By: Michael O'Connor
All too often, the security of your job and your family can come to an abrupt halt when injured while working. That is the very reason workers' compensation exists - to help those workers who sustain an injury or a disease while on the job. Workers' compensation benefits may provide replacement income, medical expenses, and sometimes vocational rehabilitation benefits, such as on-the-job training, schooling, or job placement assistance. You don't have to navigate the system alone - our team of professional lawyers is ready to stand up for your rights. Please click here for more workers’ compensation information.
The impact of a workers' compensation claim goes far beyond hospital and doctor bills. It can also result in lost earnings, benefits and the ability to live as you once did. The best course of action is to seek an experienced workers' compensation lawyer as soon as an injury occurs or as soon as you become aware of a workers' compensation situation, such as diagnosis of a disease related to your workplace. Laws and regulation may have time limits for action; you could lose your rights by waiting.
O’Connor Law represents injured workers obtaining workers' compensation benefits, as well as defending against insurance companies attempting to terminate, suspend or modify lost wage benefits. We also represent injured workers who are not currently in litigation and negotiate lump sum settlements.
Whether you've been injured at work before or this is your first injury, you may have questions. We have compiled a list of the most common questions and hope they will answer some of your concerns.
- Types of Cases
- Rehabilitation Nurses
- Independent Medical Examinations
- Vocational Interviews
- HIPAA Regulations
- Wage and Hour Laws
- Cold Injuries
- Child Support
- Is My Injury Covered Under Workers’ Compensation?
- One Reason Why You Should Have a Good Lawyer
- The Biggest Mistakes You Can Make When Filing for Worker’s Compensation
- Your Rights to Privacy After Filing a Worker’s Compensation Claim
- Workers’ Compensation and Beyond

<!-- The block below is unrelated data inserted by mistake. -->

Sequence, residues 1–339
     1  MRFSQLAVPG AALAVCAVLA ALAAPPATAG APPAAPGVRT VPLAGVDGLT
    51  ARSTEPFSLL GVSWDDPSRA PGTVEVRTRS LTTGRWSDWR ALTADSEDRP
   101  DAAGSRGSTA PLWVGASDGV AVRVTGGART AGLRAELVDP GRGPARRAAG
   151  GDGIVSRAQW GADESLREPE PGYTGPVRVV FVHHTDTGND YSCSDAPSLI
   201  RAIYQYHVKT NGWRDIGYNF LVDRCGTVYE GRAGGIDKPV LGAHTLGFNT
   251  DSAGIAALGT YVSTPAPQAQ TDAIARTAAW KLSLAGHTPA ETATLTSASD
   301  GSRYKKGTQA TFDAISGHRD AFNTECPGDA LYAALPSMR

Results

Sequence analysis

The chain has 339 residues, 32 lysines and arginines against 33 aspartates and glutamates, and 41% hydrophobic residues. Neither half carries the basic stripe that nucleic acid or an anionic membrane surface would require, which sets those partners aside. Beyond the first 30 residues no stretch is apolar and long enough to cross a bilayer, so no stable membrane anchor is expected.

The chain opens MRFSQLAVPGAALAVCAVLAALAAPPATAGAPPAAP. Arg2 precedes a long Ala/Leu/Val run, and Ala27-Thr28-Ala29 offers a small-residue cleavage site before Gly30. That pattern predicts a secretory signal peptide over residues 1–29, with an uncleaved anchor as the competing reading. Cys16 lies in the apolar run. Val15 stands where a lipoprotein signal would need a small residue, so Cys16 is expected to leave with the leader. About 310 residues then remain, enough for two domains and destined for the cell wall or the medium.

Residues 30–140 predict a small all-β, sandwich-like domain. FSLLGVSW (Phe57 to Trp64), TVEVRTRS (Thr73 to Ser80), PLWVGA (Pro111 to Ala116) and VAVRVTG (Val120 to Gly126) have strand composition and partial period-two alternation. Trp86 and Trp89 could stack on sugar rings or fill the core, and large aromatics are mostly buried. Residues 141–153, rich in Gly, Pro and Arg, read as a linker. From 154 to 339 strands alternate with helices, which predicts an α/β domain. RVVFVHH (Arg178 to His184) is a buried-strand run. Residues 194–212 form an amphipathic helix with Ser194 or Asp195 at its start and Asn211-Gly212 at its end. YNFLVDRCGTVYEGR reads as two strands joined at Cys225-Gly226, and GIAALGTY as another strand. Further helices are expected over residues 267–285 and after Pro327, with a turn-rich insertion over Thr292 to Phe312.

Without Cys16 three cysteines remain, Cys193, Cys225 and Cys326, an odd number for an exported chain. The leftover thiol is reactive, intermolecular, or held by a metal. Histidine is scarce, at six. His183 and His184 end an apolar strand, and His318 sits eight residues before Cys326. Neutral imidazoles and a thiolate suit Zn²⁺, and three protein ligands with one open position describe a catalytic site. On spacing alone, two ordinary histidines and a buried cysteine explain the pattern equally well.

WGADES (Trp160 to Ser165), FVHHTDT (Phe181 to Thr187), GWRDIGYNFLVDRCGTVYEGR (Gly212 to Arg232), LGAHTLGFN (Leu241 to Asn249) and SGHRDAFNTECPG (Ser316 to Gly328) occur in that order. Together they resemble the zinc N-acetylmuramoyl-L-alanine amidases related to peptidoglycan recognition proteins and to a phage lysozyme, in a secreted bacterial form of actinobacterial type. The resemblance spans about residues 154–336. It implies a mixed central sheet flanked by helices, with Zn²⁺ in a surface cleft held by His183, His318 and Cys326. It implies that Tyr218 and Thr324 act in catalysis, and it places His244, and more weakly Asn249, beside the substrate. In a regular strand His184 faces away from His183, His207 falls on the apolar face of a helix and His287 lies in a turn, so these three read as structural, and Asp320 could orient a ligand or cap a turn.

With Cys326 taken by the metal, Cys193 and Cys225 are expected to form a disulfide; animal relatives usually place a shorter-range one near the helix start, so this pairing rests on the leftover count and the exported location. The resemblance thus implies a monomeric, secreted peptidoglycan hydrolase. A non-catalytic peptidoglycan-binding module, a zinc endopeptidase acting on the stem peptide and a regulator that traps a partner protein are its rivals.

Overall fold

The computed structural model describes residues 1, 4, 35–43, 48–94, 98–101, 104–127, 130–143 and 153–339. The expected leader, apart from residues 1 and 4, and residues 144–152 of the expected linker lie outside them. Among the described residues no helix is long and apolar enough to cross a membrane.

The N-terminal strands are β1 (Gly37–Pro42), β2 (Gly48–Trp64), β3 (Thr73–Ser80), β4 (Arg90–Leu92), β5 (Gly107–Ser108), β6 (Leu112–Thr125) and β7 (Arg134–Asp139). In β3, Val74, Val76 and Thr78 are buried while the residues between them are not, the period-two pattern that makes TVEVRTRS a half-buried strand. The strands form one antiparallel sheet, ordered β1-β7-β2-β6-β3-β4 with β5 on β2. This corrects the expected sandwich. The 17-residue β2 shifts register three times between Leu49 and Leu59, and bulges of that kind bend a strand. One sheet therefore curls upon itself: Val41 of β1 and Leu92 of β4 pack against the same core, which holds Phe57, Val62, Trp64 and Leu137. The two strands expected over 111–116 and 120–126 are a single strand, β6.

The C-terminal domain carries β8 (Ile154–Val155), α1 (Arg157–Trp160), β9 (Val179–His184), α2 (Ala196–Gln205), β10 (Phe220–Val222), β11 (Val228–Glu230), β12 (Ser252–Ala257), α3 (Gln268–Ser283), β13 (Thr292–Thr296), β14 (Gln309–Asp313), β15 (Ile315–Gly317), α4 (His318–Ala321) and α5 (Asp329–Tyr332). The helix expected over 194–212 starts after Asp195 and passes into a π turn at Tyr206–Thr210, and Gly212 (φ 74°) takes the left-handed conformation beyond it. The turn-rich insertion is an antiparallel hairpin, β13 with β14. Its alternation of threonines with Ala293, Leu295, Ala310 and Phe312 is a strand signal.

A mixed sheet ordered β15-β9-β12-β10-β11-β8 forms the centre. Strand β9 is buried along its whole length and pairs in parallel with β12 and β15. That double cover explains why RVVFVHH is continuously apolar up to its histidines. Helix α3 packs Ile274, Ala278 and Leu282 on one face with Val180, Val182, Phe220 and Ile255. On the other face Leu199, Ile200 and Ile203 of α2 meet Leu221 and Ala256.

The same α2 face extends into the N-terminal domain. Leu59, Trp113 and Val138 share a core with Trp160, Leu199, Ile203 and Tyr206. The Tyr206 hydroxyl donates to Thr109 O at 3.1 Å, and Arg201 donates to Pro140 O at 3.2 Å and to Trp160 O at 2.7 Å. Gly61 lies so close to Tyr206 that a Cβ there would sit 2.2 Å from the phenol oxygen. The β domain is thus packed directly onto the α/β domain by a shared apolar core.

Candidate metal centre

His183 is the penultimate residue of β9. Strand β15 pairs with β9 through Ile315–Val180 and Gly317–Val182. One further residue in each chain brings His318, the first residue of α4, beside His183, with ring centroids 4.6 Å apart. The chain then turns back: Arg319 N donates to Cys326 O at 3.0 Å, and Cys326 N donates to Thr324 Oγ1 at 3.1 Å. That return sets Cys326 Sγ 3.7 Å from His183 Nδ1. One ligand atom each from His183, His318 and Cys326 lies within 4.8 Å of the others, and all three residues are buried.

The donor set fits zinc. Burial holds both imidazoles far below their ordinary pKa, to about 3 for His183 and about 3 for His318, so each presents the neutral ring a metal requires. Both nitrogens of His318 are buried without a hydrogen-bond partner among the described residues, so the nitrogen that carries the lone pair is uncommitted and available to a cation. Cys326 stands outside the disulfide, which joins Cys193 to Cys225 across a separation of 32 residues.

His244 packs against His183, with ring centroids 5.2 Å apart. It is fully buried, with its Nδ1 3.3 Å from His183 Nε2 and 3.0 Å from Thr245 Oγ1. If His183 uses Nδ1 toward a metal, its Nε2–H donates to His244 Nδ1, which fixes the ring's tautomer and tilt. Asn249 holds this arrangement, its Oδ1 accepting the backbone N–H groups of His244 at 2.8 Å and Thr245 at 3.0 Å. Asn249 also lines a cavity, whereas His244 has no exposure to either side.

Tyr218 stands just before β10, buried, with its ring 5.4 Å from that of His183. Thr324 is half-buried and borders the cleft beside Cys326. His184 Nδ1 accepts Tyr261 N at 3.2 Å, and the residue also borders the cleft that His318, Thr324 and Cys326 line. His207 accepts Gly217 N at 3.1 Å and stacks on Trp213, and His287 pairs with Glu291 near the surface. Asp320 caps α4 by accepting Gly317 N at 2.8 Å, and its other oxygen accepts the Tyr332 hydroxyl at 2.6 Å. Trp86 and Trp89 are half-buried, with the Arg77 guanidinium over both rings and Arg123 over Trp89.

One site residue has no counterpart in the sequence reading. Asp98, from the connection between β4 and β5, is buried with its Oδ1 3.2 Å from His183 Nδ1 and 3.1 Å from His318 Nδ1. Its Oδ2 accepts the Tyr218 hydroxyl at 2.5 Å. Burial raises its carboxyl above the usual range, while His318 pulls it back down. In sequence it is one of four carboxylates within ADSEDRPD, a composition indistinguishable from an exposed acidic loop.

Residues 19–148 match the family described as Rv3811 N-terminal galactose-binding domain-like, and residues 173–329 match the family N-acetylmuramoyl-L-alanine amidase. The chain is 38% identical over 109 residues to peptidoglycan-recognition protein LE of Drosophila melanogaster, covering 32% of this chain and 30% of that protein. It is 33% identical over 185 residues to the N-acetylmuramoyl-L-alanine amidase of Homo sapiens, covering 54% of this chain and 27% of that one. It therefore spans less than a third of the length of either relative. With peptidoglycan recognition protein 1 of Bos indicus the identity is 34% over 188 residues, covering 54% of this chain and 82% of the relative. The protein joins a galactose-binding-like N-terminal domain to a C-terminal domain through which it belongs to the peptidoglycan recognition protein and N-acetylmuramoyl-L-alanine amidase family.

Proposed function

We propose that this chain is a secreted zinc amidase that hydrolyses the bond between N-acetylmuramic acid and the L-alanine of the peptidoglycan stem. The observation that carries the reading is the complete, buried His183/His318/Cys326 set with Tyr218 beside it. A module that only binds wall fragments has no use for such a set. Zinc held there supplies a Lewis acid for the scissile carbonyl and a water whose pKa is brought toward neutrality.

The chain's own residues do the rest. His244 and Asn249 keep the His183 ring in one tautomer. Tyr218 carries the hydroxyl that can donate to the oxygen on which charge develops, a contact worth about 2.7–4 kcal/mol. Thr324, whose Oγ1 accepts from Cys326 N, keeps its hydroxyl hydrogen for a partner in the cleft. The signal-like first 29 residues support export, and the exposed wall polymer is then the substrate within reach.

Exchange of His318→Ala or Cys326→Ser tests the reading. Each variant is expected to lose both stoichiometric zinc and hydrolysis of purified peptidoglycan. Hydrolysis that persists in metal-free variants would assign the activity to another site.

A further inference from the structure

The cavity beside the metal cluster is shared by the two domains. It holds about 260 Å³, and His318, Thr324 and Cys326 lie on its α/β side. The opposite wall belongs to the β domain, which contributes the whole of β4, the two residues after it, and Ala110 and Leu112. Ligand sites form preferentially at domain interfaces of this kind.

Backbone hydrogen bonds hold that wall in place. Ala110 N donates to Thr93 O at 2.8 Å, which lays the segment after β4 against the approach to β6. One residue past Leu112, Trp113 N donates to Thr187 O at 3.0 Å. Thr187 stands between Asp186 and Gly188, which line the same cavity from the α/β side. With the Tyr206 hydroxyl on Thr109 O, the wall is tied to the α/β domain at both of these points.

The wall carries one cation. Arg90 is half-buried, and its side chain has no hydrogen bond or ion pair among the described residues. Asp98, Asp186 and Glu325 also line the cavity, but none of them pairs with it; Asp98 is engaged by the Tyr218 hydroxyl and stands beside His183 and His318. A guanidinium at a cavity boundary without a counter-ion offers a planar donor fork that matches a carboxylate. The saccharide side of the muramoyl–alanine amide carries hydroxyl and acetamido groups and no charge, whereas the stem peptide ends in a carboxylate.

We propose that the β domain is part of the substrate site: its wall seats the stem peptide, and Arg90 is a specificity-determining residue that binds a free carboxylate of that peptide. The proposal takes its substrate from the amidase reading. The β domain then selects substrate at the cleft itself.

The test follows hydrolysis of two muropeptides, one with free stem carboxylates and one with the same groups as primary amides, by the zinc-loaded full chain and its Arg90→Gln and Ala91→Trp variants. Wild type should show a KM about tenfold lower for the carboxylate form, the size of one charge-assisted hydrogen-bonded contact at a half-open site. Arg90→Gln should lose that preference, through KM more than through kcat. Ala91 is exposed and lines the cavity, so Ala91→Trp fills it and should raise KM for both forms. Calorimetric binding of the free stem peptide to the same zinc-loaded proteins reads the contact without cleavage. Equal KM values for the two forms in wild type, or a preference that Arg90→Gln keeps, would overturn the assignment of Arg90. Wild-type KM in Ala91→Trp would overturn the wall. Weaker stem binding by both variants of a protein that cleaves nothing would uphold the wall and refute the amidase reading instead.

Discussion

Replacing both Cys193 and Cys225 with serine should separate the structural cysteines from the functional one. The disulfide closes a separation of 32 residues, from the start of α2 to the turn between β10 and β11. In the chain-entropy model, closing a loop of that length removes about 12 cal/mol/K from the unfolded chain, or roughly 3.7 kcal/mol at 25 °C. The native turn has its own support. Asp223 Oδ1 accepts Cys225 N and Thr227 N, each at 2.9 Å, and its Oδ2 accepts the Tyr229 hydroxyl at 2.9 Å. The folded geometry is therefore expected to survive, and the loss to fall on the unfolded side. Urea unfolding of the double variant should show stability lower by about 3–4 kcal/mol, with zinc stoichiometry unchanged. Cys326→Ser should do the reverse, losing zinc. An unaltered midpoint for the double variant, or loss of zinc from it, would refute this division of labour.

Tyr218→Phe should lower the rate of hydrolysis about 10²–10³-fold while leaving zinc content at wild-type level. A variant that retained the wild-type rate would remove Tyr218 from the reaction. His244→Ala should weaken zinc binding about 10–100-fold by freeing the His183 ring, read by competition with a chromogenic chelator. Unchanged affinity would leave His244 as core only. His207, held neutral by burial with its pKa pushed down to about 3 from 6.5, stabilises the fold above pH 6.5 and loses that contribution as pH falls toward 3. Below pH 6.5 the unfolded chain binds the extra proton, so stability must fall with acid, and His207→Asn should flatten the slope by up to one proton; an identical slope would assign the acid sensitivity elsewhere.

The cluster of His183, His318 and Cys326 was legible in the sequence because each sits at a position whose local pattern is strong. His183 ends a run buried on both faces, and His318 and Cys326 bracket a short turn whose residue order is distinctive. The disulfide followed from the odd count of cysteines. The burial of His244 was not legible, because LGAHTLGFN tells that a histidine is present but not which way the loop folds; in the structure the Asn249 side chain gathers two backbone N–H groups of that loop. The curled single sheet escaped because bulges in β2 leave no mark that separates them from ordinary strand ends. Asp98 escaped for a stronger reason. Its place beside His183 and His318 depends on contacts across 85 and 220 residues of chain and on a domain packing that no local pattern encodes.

- Workers’ Compensation Settlement
- Death Benefits in Workers’ Compensation
- Work Injury
- Specific Loss Benefits in Workers’ Compensation
- Job Workers' Compensation Cases
- Injury Workers' Compensation Cases
- Equipment Accidents
- Recovering Lost Wages With Workers’ Compensation
- Types of Workers’ Compensation Benefits
- Workers’ Compensation: Aggravation of Pre-Existing Condition
- Health Issues: Overexertion in the Workplace
- Exposure to Toxic Substances in the Workplace
- Public Employees and Workers’ Compensation
- The Pennsylvania Heart & Lung Act
- Pennsylvania Workers' Compensation Benefits
- Pennsylvania Workers' Compensation Laws
- Getting Paid for Overtime in Workers’ Compensation
- Recovering Medical Bills
- Scaffolding and Ladder Accidents
- Liens and Workers’ Compensation
- Denied Workers' Compensation
- Workers' Compensation and Unions
- Pennsylvania Warehouse Workers Eligible to be Paid for Additional Work-Related Time
- Medical Benefits: Workers' compensation insurance carrier covers reasonable and necessary medical expenses.
- Lost Wage Benefits: You may be eligible for benefits if your physician restricts you from work for a period of 7 or more days. However, you must be off work for 14 days to receive benefits for the initial 7 days off. Lost wage benefits can be for total disability benefits, if you're restricted from work entirely. If you have returned to work with a loss of earnings, benefits can be partial. In such a case, you are entitled to 2/3 of the difference between your pre- and post-injury wages.
- Specific Loss Benefits: You may be eligible for specific loss benefits if your injury resulted in the loss of hearing, vision, use of limb, or scarring and disfigurement of the hand, neck or face.
You may be eligible for benefits if you are injured on the job or aggravate a pre-existing condition as a result of your normal, assigned job-related duties.Notice
Under the Workers' Compensation Act you must give your employer notice that you suffered a work injury within 120 days from the date you became aware that your injury is work related. If your employer refuses to allow you to file an injury report, you should immediately consult a workers' compensation lawyer to file a claim petition.Filing a Claim
You have three years from the date of injury to file a claim petition, however, the longer you wait, the more difficult it may be to prove your case.Medical Treatment
If your employer has a list of approved physicians, you are required to treat with the company doctor for the first 90 days after the first doctor's visit. If you treat with any other doctors during this time, the insurance company may not be required to pay the bills. After the first 90 days, or if your employer does not have a panel of doctors, you may treat with a physician of your choice.Signing Forms
- Employee Verification Form: You must complete and return this form within 30 days of receipt or your right to receive benefits will be jeopardized
- Final Receipt: Do not sign this form unless you are fully recovered from your injury. It is best to consult with an attorney before signing this form as it severely affects your future rights to benefits.
- Supplemental Agreement: This form may also drastically affect your rights to ongoing benefits. Consult with an attorney before signing this document.